Bobby raised his hand and said, “I earned enough money from doing chores to buy my mom a fancy key chain and my dad soap on a rope”!

“Those are wonderful gifts children, but some of the best Christmas gifts don’t cost any money at all.

Can anyone think of gifts that don’t cost money, but your parents will love to receive,” asked Miss Pat. Jay raised his hand and said,”I am going to give my parents the gift of a month of sweeping the floor after dinner, emptying the trash and reading a bedtime story to my little brother.” Arthur J smiled and said,”I know what I’m going to give them …a report card with all A’s. They’ve been asking for one of those for a long time!”


Santa Questions

Wednesday, December 23rd, 2015

On the last day of school before santaChristmas recess, the “Can Dos”are having a hard time paying attention in class. All they can  think about is the long vacation ahead and, of course, Santa.

While most of the “Can Dos” are going to be home on Christmas day, some of them are  going to be spending the holidays with family who live far away.

Hector is worried that Santa won’t know where to bring his gifts on Christmas Eve. He is going to spend Christmas at his grandma’s in Puerto Rico.

Jay has the same worry. Will Santa know to come to the Indian reservation where he is visiting his grandparents?

Annie is afraid Santa won’t bring her the new basketball she wants. She hasn’t been doing her best in school the past few months. Lately, her mom is always having to remind her to put her toys away. Annie is not sure if Santa always knows when children are naughty or nice.

Eulyn isn’t sure if Santa got the letter she wrote him last month. She just has to get the two-wheel bike she wrote him about.

Bobby is hoping that Santa will bring a gift for his mom. He didn’t save up to buy her anything, so when Bobby visited Santa at the mall, he asked Santa to bring a gift for his mom that he could say was from him. Santa didn’t say yes. He said we’ll see. What does that mean?

What do you think boys and girls? Will Santa find Hector and Jay on Christmas Eve, even if they are not in their own homes?

Does Annie have anything to worry about?

Does Santa bring gifts for adults, or just for children? Does Bobby need to make his mom a gift?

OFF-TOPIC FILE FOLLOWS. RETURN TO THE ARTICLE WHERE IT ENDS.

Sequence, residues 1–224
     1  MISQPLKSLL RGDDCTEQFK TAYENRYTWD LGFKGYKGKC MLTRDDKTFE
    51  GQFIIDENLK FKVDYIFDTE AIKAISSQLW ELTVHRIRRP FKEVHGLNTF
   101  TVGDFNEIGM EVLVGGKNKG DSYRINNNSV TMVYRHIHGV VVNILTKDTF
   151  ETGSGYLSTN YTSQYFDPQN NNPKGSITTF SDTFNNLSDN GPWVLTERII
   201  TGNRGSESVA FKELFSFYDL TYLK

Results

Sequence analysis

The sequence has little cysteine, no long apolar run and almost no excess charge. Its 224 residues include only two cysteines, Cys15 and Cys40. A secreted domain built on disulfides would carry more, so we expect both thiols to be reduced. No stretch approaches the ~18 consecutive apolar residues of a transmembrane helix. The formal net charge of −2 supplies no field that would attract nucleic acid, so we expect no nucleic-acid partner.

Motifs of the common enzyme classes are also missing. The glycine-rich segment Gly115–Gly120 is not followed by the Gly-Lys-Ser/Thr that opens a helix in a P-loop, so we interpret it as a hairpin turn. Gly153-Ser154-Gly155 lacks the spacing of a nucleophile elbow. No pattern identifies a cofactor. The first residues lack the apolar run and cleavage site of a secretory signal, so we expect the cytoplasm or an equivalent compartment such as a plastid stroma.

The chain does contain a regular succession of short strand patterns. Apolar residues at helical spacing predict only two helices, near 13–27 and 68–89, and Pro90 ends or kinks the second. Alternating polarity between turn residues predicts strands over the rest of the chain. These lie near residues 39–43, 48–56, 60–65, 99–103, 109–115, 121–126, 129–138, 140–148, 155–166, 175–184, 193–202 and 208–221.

The History of Mother’s Day

Wednesday, May 6th, 2015

Grandpa John walked into the kitchen while some of Orrie’s friends were having a snack; he was just in time to here Hector say, “Where did the idea for Mother’s Day come from? Orrie looked at Willie, Willie looked at Bobby and then they all looked at Grandpa John.

Grandpa John pulled up a chair, sat down and said, “Okay, this is what I know about Mother’s Day:

In seventeenth century England, Mothering Sunday was celebrated each year on the fourth Sunday of Lent (the 40 days of fasting before Easter). Christians honored the church in which they were baptized, known as their Mother Church. Mothering Sunday soon began to honor human mothers, too. British servants and employees, who worked far from home, received time off to visit their moms and share a family meal.

American colonists didn’t adopt the tradition of Mother’s Day, possibly because they were busy trying to survive in their new homes.

The idea of celebrating Mother’s Day in the U.S. began with Julia Ward Howe, who became famous during the Civil War as the author of “The Battle Hymn of the Republic.” Howe thought wars were a waste of young men’s lives, and she called on mothers to protest the killing of their children in wars.

In her Mother’s Day Proclamation, Howe wrote, “We women of one country will be too tender to those of another country to allow our sons to be trained to injure theirs.”  In the 1870s, women’s groups in over a dozen American cities observed Howe’s holiday, Mother’s Day, but the idea didn’t really catch on until the following century.